I moved the cattle from the north to south marsh for an appointment with the vet in the Top Field early next week. Below is a short video:
Mink going in and out of the River Stour last night.
I am sharing something a little different today: an opportunity to view the close countryside south of Wilden Marsh Nature Reserve.
The River Stour and the Staffordshire and Worcester Canal flow through Wilden Marsh on their 1.5-mile journey south-west to the 220 miles long River Severn. There are many nature reserves and open green spaces surrounding Wilden Marsh Nature Reserve. At the north end of the site, a steam railway crosses on the historical, tall, red-brick Falling Sands Viaduct. 1.5 miles to the north-west is the award-winning 81 hectares West Midlands Safari Park packed with a wide variety of large and small wild animals. Worcestershire Wildlife Trust manages at least 75 nature reserves around the county.
The weather last Wednesday morning was sunny, not too warm, with an early autumn feel about it. Gill and I decided it would be an ideal opportunity for a walk down the River Severn at Stourport-on-Severn to Holt Fleet Bridge and back. The building of Stourport-on-Severn was completed in 1768, it is the only purpose-built canal town in the United Kingdom.
Using my iPhone, I shot numerous stills and videos along the way. I have put together a short video that, I hope, shows some of the natural and historic beauty of my locality.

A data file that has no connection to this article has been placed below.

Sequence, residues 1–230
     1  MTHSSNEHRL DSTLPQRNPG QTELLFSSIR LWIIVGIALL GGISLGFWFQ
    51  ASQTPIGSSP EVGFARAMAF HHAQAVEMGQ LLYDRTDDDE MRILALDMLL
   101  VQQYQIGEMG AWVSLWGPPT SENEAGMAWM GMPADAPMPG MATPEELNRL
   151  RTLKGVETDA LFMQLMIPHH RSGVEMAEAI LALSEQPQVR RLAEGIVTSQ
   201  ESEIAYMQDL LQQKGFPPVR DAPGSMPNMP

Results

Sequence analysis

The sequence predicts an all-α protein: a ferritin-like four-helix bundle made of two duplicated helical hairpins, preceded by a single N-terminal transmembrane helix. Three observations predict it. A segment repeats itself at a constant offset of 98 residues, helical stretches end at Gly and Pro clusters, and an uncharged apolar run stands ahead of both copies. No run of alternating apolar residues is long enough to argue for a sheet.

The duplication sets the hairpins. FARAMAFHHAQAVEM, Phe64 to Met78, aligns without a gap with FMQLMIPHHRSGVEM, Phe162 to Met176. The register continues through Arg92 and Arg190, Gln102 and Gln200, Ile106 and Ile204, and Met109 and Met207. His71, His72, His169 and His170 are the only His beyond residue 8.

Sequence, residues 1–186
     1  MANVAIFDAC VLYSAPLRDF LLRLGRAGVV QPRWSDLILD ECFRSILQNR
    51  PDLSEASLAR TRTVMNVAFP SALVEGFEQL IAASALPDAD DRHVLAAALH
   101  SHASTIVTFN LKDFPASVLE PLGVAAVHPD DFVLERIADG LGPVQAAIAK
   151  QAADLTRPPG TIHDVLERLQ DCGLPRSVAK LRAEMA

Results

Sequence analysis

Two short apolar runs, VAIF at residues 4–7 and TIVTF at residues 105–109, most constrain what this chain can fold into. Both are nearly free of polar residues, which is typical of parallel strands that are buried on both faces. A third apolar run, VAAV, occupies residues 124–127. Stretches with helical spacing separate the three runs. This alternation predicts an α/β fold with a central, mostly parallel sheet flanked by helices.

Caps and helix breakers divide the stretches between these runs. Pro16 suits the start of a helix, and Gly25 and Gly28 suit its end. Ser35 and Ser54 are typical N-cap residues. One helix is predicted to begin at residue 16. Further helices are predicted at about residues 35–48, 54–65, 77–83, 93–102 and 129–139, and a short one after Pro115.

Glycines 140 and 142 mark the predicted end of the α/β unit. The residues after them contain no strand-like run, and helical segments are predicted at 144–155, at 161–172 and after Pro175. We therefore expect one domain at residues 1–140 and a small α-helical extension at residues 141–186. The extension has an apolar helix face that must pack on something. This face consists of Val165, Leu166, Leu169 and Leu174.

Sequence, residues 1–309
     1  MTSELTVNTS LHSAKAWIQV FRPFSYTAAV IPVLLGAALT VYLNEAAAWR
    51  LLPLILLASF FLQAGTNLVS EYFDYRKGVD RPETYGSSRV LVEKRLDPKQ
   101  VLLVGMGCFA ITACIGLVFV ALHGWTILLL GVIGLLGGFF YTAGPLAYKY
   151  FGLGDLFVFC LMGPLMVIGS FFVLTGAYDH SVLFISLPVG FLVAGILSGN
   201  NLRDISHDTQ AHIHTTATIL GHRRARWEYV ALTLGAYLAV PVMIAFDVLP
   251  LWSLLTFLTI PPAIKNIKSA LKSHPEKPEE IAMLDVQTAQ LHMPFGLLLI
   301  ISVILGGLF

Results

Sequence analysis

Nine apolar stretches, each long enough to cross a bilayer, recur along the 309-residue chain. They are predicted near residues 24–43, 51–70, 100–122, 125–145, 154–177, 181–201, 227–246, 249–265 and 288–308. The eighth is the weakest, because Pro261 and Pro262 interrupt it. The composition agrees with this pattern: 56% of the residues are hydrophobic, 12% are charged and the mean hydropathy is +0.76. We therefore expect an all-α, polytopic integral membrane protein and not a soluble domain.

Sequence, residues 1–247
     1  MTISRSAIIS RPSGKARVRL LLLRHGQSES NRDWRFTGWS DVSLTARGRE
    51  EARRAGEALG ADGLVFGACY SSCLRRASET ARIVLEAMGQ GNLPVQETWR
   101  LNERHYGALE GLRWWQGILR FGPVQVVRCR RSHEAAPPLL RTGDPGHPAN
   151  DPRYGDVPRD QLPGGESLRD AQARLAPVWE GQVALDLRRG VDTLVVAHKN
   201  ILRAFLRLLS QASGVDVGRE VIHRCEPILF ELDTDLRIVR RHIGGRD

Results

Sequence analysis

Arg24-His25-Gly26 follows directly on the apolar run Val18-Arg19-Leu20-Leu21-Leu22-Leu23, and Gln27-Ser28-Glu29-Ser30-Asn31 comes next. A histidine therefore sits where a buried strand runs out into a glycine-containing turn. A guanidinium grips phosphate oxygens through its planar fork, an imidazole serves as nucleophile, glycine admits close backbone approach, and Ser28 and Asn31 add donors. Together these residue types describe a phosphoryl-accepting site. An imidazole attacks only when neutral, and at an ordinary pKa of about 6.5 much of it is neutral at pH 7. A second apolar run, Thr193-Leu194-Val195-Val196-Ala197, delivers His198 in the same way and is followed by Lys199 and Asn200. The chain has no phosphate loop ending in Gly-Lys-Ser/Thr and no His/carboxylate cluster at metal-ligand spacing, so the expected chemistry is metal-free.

The Rangers drove the cattle from Falling Sands Nature Area, across Hoo Brook bridge and onto Hoo Brook Pasture this afternoon. The herd gave me the run-around when I took them over to Falling Sands a couple of weeks ago, I thought it prudent to ask the Rangers to return it to Wilden Marsh.
I checked the north marsh boundary fences this evening before opening the gates to North Corral, Northern Corridor, North Pond Pasture and the Swamp.
The herd was waiting in Hoo Brook Corridor on my return from checking the fences. Having been moved once today, they weren’t too keen on listening to me. Waynetta was quick to respond to my call, though, followed by Brutus, surprisingly. The others were reluctant to move out of the corridor. It was getting dark, so I left them to get on with it and went home.
It’s now time for the herd to begin the all-important winter grazing.
I recorded my journey around the north end of the marsh with my iPhone, should anyone be interested in seeing it. The video starts in Hoo Brook Pasture, moves along to the southern end of the Northern Corridor, returning through North Pasture, stopping at North Pond, and ending in Hoo Brook Corral.